Despite these obstacles, I'd say this program worked out pretty well. Registration was down (four kids attended), but it made for a small group that had a lot of fun. I was able to buy ice at the last minute and find a few different materials to fill in as "snow".

What we did:  

Exploring ice


Image from openclipart.org


This was the only portion of the program that actually involved cold. The basic idea behind the activity was to explore a few scientific concepts and get practice making predictions and observations. I gave each child a piece of ice and a cup of room temperature water. We began by talking about what would happen to the ice if it was put in the water. We talked about what ice is and about the states of matter. Finally, we put the ice in the water and observed it melting. Then I brought out some hot water for comparison. Once again we made our predictions and performed the same experiment. The kids were engaged and seemed to understand most of what we were talking about so I considered this experiment a big success.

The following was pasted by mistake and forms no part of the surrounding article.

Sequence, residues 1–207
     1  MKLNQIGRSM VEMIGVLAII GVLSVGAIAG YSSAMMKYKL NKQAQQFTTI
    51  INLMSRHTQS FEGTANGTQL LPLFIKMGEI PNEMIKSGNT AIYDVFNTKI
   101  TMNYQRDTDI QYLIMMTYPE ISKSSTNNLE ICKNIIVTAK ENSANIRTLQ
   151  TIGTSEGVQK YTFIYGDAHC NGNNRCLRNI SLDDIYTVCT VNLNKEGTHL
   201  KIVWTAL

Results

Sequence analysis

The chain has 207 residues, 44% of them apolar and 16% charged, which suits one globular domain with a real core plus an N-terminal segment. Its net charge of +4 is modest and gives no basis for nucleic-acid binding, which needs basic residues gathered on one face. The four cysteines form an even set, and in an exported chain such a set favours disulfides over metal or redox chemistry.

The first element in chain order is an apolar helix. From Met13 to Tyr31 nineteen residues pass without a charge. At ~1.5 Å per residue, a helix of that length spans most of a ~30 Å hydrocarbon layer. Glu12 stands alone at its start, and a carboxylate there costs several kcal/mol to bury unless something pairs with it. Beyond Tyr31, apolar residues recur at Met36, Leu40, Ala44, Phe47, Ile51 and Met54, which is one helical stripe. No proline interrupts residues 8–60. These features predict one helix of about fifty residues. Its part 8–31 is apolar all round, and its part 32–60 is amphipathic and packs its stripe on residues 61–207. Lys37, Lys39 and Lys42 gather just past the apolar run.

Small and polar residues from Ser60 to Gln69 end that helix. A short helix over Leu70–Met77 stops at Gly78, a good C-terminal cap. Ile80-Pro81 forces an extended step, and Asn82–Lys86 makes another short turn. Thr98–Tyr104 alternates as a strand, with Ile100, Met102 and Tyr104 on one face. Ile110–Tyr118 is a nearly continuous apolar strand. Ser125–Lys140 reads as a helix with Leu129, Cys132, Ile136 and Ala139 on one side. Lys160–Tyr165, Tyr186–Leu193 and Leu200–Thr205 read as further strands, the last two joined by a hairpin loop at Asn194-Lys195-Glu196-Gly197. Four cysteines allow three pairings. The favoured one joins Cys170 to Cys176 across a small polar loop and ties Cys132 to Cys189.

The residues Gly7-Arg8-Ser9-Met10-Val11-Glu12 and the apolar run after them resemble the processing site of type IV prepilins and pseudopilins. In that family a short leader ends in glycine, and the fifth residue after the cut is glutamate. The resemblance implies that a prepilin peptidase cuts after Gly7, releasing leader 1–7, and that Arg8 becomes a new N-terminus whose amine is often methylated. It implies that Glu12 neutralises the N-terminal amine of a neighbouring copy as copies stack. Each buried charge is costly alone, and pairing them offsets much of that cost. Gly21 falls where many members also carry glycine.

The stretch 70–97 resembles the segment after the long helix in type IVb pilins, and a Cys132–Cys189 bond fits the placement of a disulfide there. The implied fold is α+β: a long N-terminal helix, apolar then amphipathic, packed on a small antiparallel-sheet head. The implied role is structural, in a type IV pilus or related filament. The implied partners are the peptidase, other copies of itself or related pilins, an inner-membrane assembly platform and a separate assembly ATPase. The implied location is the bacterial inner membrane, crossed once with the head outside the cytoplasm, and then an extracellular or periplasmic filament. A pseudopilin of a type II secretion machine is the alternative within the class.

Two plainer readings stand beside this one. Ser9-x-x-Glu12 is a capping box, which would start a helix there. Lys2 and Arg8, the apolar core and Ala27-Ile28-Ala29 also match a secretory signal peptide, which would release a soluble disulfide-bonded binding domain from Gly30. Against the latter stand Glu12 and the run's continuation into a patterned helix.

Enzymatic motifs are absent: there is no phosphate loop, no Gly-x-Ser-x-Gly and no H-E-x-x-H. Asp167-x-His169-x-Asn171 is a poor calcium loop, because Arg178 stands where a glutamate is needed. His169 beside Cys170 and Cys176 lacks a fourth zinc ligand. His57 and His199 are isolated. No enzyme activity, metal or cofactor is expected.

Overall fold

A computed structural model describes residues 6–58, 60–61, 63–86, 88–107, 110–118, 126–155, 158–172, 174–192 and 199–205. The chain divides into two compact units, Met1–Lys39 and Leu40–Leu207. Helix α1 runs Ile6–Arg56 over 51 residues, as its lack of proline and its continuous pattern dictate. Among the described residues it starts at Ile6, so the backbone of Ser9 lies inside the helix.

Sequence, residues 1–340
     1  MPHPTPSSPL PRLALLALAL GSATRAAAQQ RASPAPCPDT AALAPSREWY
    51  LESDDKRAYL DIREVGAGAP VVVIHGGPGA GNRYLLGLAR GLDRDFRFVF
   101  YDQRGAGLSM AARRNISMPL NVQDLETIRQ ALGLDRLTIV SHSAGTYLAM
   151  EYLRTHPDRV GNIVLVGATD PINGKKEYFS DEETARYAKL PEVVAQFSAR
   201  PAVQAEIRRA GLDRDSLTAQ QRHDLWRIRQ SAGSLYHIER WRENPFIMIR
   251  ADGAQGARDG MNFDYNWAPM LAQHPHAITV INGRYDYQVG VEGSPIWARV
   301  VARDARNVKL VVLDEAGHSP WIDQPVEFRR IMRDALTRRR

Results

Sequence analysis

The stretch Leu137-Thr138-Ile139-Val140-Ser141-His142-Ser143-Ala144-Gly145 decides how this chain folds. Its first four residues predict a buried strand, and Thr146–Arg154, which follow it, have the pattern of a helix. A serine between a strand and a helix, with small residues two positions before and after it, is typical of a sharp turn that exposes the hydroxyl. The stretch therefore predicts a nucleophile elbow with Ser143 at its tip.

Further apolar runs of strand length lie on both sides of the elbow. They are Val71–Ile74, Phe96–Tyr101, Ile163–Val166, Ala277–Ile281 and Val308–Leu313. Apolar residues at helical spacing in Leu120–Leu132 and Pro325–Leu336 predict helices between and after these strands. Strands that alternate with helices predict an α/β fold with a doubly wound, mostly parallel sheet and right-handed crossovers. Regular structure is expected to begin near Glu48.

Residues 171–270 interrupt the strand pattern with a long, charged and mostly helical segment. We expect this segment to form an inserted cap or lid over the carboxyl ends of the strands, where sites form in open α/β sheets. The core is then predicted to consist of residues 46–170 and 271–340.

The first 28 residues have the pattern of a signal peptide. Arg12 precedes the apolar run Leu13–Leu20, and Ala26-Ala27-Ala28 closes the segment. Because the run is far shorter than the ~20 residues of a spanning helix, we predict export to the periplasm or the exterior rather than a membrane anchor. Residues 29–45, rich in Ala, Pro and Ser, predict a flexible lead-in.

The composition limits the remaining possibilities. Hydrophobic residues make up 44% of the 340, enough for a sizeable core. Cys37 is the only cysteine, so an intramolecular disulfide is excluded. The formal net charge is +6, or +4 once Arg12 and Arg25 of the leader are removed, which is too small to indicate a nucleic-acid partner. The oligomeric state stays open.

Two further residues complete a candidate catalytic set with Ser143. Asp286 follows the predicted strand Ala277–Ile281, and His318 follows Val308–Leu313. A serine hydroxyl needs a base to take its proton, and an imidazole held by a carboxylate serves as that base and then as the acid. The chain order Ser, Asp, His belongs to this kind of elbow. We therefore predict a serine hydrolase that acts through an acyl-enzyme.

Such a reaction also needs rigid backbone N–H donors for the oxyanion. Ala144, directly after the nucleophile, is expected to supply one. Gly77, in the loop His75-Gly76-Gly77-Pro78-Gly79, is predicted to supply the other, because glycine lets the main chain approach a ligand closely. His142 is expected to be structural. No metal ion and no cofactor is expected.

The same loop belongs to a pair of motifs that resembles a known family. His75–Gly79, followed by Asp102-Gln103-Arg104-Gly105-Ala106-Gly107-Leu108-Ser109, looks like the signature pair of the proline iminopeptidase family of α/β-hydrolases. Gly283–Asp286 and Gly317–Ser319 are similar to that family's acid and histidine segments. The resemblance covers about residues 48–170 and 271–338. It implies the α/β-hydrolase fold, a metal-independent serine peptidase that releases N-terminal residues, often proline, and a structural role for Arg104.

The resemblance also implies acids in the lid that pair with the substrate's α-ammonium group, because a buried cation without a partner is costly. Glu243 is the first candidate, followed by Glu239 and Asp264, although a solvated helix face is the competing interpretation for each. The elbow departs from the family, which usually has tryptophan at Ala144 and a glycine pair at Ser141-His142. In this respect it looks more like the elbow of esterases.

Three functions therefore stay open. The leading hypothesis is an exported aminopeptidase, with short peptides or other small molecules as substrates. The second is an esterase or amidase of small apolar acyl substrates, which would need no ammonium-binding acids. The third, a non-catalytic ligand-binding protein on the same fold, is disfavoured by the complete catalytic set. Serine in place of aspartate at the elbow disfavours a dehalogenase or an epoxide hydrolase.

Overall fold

Building marshmallow snowmen


Some of my favorite activities with kids involve building with food, so it was no surprise I incorporated that into this program. The idea was to explore building, engineering and gravity by stack and building with marshmallows. I first let the kids see what they could build on their own, and then allowed them to advantage of toothpicks. If I had a bigger group of kids I might have incorporated teamwork skills by having them work to build a large snowman together.

Parachute play with "snowballs"


Image from openclipart.org


I decided to incorporate my parachute into this program because I had never done it with elementary aged kids and it sounded like a lot of fun. It actually does involve some science because it is a fun way to explore the concepts of forces and energy. To fit in with our winter theme I crumpled up paper to make "snowballs" and had the kids bounce them on the chute. We talked about the speed of the balls as we bounced them at different rates, and about the forces involved in making them fly as high as possible. Definitely a highlight of the program!


Shaving cream art